VID 20160704 103419  Idling the engine at 700 RPM while the pilot goes through final checklist before rolling to taxi. 45 secs in, he asks if I'm ready and we start rolling. You can't hear him because it's over the headset but you can hear my response. VID 20160704 103653  We are cleared for take-off and off we go! The engine gets several times louder as the supercharger kicks in and pilot uses 50+" of manifold pressure. Once we get airborne I put away my phone and study the panel because I'm going to be manipulating the controls. VID 20160704 104938  Fortunately, we found a hole and got over the top of the thin layer for some super-fun acro! I managed to whip out the phone and get a few secs of video. I also got to manipulate the controls for a simple roll and couple of other maneuvers. Yeah, we were 91.307 compliant, wearing parachutes. The P-51C is so powerful, yet so smooth and responsive in flight, and not only fast and responsive but feels quick and agile despite its 10,000 # weight. It's absolutely incredible. The controls are neither heavy nor light, just perfect. Pitch is more sensitive than roll, yet both are amazing. The rudder inputs needed to stay coordinated seem to depend more on power and AoA than on aileron or bank angle. VID 20160704 110547  On approach to Seattle, runways 13 L & R in use. Tower had us make a spacing turn out at west point just before this. I got to do the turn, managed to hold steady 1,500' altitude turning at 45* bank at 200 mph - within PTS standards, hooah! The pilot said it was easy to take off and land too but I think he was just being modest. I could see the dance he was doing on the rudder pedals based on feedback he was getting from the plane apparently via ESP because it felt perfectly smooth the whole way. From what I've read, when landing the P-51C is a beast that will kill you as soon as blink at you. On landing approach, we did a pass down the runway then an overhead break to landing. The P-51C has a slippery 14:1 lift-drag ratio, but as soon as Rob put down the wheels & flaps that changes entirely - we were descending at over 1,000 fps at a steady 120 mph.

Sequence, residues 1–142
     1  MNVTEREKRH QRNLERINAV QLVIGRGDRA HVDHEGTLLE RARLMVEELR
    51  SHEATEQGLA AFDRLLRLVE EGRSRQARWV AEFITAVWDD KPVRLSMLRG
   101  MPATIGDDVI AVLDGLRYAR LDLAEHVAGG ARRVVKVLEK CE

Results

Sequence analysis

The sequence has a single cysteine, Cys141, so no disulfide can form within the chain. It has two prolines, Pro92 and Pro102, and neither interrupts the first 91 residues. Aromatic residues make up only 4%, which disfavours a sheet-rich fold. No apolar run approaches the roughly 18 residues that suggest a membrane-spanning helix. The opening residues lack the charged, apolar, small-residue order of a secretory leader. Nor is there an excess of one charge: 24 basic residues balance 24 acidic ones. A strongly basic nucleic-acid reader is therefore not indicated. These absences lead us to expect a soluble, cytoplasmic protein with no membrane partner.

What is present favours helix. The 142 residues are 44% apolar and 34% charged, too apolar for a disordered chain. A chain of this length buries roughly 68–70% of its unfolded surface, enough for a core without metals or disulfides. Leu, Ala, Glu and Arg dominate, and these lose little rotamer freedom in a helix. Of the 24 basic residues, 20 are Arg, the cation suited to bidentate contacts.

2016-07-03-16-22-34-0873  This is the first in a series of B-17 photos. 2016-07-04-09-09-47-0876  While viewing the B-17 I had a very interesting conversation with a man named Eldon, 93 years old, who flew the B-17 in England in 1944-45. 2016-07-04-09-09-52-0877 2016-07-04-09-27-27-0886
2016-07-04-09-27-38-0887 2016-07-04-09-27-46-0888 2016-07-04-09-27-56-0889 2016-07-04-09-38-59-0891
2016-07-04-09-39-14-0892 2016-07-04-09-39-24-0893 2016-07-04-09-39-42-0894 2016-07-04-09-41-40-0900
2016-07-04-09-55-09-0907 2016-07-04-10-15-12-0908 2016-07-04-09-53-24-0905 2016-07-04-10-15-30-0909
2016-07-04-10-15-47-0910 2016-07-04-09-39-54-0895  This is the B-24, which had the efficient Davis wing and pilots say flew like a bathtub full of sloshing water. Louis Zamperini, of "Unbroken" fame, was a bombardier in the B-24. 2016-07-04-09-40-03-0896 2016-07-04-09-40-15-0897
2016-07-04-09-40-20-0898 2016-07-04-09-40-44-0899 2016-07-04-09-27-09-0885  Now we're on to the B-25. 2016-07-04-09-52-39-0903
2016-07-04-09-52-28-0902 2016-07-04-09-51-47-0901 2016-07-04-09-53-05-0904 2016-07-04-09-54-15-0906